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#SXSWCares: Real Time Social Giving


If you’re watching the Tweets come out of Austin, you may have seen the hash tags, #sxswcares or #sxsw4japan. Today I’d like to tell you a little about those hashtags, how they were born and how they evovled.

Date: Friday, March 11
Time: 1:00 p.m.
Place: Samsung Blogger Lounge at SXSW
Players: Leigh Durst and Deb Ng

On Friday, I returned to my hotel room to SXSW after a brief “freshen up” and news break. On the way back to work, my head was reeling from all the news and pictures of the destruction in Japan. I walked in to the blogger lounge where I met Leigh Durst for the first time and after a few pleasantries talk shifted to the crisis in Japan. Leigh and both expressed how surreal it was to be enjoying the blogger lounge festivities while people were hurting on the other side of the world. “We could totally do something here.”  Leigh was right. In a room filled with the most influential people in the world, if we couldn’t do something to help Japan, all our talk about influence is simply just talk. Watching everyone drinking the free booze and eating free chicken and listening to live music almost reminded me of Nero fiddling while Rome burned.

“We need a hashtag,” Leigh said. From that hashtag, #SXSWCares, a campaign of social giving came to life.

Soon after creating our hashtag it was pointed out to us that there was another hashtag going #sxsw4japan and that dude even had a website up.

Enter Rob Wu and Jessica Lin.

Rob, the Founder of CauseVox, a platform for social giving, had started his own campaign and we decided to join forces. Leigh and Rob bent heads over a website and Hugh MacLeod, who was sitting near us in the blogger lounge, drew us up a logo on the spot. Me? I walked from table to table asking all the influencers to do what they can. I asked them to share our hashtag and encourage donations to the red cross. I asked them to go beyond the retweet and reach into their pockets. I asked them to post on their Facebooks and Twitters and blogs. I was probably a little annoying.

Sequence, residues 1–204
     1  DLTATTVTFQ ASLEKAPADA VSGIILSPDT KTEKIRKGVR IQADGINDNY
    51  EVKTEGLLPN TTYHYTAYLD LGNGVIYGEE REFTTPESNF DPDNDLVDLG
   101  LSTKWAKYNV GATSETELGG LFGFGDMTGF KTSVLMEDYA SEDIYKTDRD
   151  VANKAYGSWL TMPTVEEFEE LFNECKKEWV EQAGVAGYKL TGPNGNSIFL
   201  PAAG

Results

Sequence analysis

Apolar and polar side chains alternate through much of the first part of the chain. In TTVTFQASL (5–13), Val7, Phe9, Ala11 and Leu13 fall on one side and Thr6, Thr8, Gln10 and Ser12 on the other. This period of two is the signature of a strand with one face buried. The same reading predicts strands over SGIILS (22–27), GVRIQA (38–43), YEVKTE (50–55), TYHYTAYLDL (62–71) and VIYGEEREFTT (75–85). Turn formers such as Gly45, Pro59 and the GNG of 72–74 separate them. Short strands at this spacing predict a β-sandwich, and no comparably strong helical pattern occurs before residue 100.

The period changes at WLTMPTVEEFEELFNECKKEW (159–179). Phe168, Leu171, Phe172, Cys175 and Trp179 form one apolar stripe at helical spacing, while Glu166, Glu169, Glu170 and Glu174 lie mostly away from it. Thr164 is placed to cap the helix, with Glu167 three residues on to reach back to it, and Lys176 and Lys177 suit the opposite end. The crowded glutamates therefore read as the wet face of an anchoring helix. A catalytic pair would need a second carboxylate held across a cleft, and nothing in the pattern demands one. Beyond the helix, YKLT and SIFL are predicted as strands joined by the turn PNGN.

No one said no and a website and movement were born.

Leigh was able to work with the Red Cross so 100% of all donations made through the #SXSWCares website go directly to the Red Cross, with no fees taken out ever. By 4:00 we had a couple of thousand dollars in the kitty and by 6:00 were were almost at $5,000. As of this writing we’re just a hair shy of $40K.

Things spun out of control but in a good way. Leigh, Rob and I were asked to speak on a panel about #SXSWCares and using social media as a platform for giving. Leigh, Rob and Rob’s girlfriend Jessica Lin, and Chris Noble, as well as several others have set up command central outside the blogger’s lounge and have been securing matching donations. Samsung, who sponsors the blogger lounge is giving $1 per retweet. They’re fielding interviews from the press, bloggers, video bloggers and podcasters alike.

Though I haven’t done as much of the work as Leigh, Rob and Jessica, I’m proud to be a part of this campaign and to continue to encourage my friends in social media to help. This campaign has indeed been a testament to the power of social media and if we can whip up a little something to help in a crowded lounge at a conference, imagine what we can do collectively when back at our own desks.

How can you help?

Spread the word – The hashtag is #SXSWCares

Retweet: #sxswcares to @samsungtweets and Samsung will donate $1.

Give – Visit SXSWcares.org where 100% of your donations go to the Red Cross
Share- Again, spread the word beyond the SXSW community.

Please note: Some companies have been using the #SXSWcares hashtag to raise funds for their own Japan campaigns which is awesome. We’re so happy to many folks are giving and sharing. However, we want to be sure all of your money goes to were it’s most needed. Please make sure that when you do give, you choose a campaign that sends100% of all funds to where it will do the most good, and doesn’t take a cut for themselves. SXSWCares sends 100% of all donations to the Red Cross to be used for Japan and rebuilding Japan.

Now – how are you going to help?

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